Do you love your job? Today, on Valentine’s Day, love of work should possibly take a back seat to love of people. Or should it?
One of the top contributors to job satisfaction and engagement among employees is having the opportunity to use their skills and abilities at work, according to the 2011 Society for Human Resource Management (SHRM) Employee Job Satisfaction and Engagement survey of U.S. employees. In fact, six out of 10 employees rated opportunities to use their skills and abilities at work as a key contributor to their job satisfaction, positioning it second only to job security.
Research also indicates that job satisfaction and life satisfaction are correlated. Most readers have experienced this first-hand. Who hasn’t had a stressful day at work and subsequently snapped at a loved-one once home? If you don’t know what I’m talking about, I clearly need some coaching techniques from you on compartmentalization.
A great day at work won’t fix an unhappy marriage, but deriving satisfaction and feelings of esteem at work should prevent one from experiencing the physical changes that stress at work induces – like higher cortisol levels – and that after time leave us depleted of energy, less resilient, and exhausted. Coming home from work after a day of stressful interactions certainly leaves us unprepared to handle the major or minor stresses related to home life.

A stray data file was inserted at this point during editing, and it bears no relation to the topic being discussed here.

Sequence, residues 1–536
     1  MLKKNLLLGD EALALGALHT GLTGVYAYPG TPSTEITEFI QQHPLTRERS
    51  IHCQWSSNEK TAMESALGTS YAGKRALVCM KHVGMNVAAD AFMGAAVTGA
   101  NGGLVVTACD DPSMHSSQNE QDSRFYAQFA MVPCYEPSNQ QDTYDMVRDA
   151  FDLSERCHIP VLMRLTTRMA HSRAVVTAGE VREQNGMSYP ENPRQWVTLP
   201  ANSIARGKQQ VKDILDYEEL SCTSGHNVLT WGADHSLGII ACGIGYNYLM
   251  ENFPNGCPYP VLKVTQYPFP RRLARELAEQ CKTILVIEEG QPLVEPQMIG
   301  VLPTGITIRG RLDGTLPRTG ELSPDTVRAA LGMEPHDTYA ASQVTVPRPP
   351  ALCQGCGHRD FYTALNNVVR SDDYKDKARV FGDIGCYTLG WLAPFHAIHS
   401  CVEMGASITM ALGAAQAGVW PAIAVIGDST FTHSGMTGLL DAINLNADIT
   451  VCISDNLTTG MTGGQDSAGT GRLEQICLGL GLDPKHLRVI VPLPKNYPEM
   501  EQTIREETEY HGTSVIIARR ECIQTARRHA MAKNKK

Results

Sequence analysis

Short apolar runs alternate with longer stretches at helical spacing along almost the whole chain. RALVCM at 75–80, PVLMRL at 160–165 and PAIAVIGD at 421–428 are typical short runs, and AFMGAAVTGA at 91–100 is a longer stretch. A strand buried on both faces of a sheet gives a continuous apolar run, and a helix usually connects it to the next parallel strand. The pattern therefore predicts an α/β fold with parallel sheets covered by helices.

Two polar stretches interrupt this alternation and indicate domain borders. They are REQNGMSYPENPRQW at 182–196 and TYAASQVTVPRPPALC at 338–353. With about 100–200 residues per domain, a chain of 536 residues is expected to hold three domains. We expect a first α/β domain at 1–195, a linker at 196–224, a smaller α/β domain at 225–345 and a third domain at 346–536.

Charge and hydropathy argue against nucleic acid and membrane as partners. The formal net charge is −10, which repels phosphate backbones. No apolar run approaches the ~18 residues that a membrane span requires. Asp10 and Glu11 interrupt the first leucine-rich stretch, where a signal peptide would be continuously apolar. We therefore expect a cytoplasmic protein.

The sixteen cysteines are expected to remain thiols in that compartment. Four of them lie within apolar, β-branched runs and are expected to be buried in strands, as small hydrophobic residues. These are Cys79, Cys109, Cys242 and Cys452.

Does the SHRM survey have the answer to breaking this unfortunate cycle? It tells us that using your skills and abilities at work – what some refer to as your “strengths” – is central to work satisfaction, and may reduce stress-related opporunities. Have you experienced this first hand? I have found that when I do work that taps into my skills and abilities, I have more energy while at work and later more patience with family members. Ultimately, my job satisfaction and life satisfaction appear to be closely related, and research again has shown this to be the case. It seems that loving your job is a critical piece to loving your life.
But what if you are unclear about your unique skills and abilities? Looking back at your life and assessing moments of pride and achievement is one way to gauge what makes you special and the unique offerings you bring to the working world. Another alternative is to use the Clifton StrengthsFinder assessment. The results of this online assessment can help you to better recognize your unique combination of talents, knowledge, and skills and allow you obtain greater job satisfaction. A monetary investment of $9.99 and 30 minutes of your time makes this an easy first step.
Go to www.gallupstrengthsfindercenter.com to give it a try. Contact me at firstname.lastname@example.org if you’d like to discuss using your results to create the job, and the life, you love.